The CANIS Lab is excited to be working on #CellWatch, led by Dr. Ellen Zegura from Georgia Tech and in collaboration with Dr. Elizabeth Belding from UCSB.
If you live here in the Four Corners, you have probably had some bad experiences with mobile broadband connectivity (3G/4G/LTE/5G). Personally speaking, there have been many times where I had to prepare for drives along major highways in the area by downloading podcasts for offline listening. One of the major challenges for getting better mobile broadband is understanding where high quality coverage actually exists. In the past, the Federal Communications Commission (FCC) relied on maps provided by cellular service providers to determine where coverage was, but after several studies (including one of ours!), it became apparent that these maps often overstated coverage in rural and tribal areas. This is a huge problem because these maps are used to help allocate funds for broadband---so if the FCC thinks your community is well covered according to the National Broadband Map, then your community is not likely to be eligible to receive support to build out new broadband infrastructure.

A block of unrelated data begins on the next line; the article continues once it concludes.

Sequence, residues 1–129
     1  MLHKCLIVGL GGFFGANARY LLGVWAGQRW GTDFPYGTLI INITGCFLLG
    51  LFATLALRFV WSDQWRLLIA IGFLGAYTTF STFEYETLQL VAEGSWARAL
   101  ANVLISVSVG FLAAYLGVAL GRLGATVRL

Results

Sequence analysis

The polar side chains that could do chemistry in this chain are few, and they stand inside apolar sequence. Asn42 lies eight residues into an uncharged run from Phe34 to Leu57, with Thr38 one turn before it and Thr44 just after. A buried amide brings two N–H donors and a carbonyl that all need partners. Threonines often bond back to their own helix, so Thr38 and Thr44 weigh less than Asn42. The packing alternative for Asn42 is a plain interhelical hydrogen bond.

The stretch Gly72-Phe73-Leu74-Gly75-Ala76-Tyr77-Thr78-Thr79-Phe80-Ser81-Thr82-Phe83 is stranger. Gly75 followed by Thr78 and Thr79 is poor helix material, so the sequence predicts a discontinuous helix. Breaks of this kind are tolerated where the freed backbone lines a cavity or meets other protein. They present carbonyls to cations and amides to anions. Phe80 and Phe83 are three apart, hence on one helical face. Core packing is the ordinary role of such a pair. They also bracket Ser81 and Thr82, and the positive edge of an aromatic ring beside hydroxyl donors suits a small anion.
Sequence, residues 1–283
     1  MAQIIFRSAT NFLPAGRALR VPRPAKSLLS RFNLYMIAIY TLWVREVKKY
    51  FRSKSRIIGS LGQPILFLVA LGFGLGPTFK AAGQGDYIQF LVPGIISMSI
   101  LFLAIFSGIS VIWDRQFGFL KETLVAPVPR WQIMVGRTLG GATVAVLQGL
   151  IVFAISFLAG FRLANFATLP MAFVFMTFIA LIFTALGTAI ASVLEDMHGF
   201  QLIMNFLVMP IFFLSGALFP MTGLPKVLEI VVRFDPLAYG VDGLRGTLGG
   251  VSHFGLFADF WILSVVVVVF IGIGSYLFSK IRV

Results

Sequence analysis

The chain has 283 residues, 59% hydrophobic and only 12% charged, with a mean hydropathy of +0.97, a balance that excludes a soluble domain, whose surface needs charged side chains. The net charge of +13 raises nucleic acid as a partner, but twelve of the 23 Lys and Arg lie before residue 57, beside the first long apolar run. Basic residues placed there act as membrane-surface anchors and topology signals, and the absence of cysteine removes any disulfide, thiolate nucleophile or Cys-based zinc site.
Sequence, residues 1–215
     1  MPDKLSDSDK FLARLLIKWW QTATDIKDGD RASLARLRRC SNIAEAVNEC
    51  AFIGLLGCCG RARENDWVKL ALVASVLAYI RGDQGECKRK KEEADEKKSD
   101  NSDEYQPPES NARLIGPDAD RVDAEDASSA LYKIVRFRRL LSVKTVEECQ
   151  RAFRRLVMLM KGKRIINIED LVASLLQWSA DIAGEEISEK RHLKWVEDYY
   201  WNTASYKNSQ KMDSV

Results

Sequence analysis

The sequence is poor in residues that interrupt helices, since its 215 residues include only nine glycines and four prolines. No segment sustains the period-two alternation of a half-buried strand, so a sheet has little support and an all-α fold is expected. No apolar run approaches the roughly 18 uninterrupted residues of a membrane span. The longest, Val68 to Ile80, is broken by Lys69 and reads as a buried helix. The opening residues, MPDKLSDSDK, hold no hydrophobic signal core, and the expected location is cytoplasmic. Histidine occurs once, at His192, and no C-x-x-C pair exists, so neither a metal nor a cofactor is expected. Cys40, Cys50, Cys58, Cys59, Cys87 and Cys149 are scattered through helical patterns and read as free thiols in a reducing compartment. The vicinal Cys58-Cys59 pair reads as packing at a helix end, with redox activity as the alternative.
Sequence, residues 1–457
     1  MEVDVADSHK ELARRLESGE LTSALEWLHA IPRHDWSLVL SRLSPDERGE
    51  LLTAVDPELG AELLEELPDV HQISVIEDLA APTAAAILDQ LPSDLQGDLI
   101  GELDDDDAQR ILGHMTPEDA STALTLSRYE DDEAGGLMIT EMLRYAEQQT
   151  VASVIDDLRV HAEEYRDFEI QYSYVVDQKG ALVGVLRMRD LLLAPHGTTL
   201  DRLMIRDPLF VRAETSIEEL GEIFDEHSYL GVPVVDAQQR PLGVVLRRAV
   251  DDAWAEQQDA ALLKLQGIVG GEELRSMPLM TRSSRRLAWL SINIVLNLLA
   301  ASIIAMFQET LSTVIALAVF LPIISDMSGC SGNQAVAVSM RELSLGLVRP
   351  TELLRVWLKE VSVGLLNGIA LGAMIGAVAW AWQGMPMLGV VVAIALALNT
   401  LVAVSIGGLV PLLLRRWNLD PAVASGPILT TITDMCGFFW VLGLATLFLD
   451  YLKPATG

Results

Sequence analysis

To try to address this, the FCC initiated a new Broadband Data Collection process that would let citizens contribute data to help inform the National Broadband Map. The CellWatch team intends for CellWatch to enable citizens to map their own networks and challenge the FCC through CellWatch’s three-prong project:
CellWatch Mobile Application: The Android measurement app will be built to comply with FCC requirements so users can successfully challenge provider coverage claims. A backend database will maintain data security and allow aggregation of measurements from different sources.
CellWatch Community Coordination Tool: This interactive dashboard and map will aid citizens in organizing campaigns to challenge providers while meeting FCC requirements.
CellWatch Prediction: Machine learning algorithms will predict mobile broadband performance using data collected by CellWatch tools and other public datasets.
All tools will be publicly available and open source to enable access for everyone. Ultimately, CellWatch’s goal is to let citizens into the reporting process to democratize coverage data and eventually collect enough data that the process can be automated.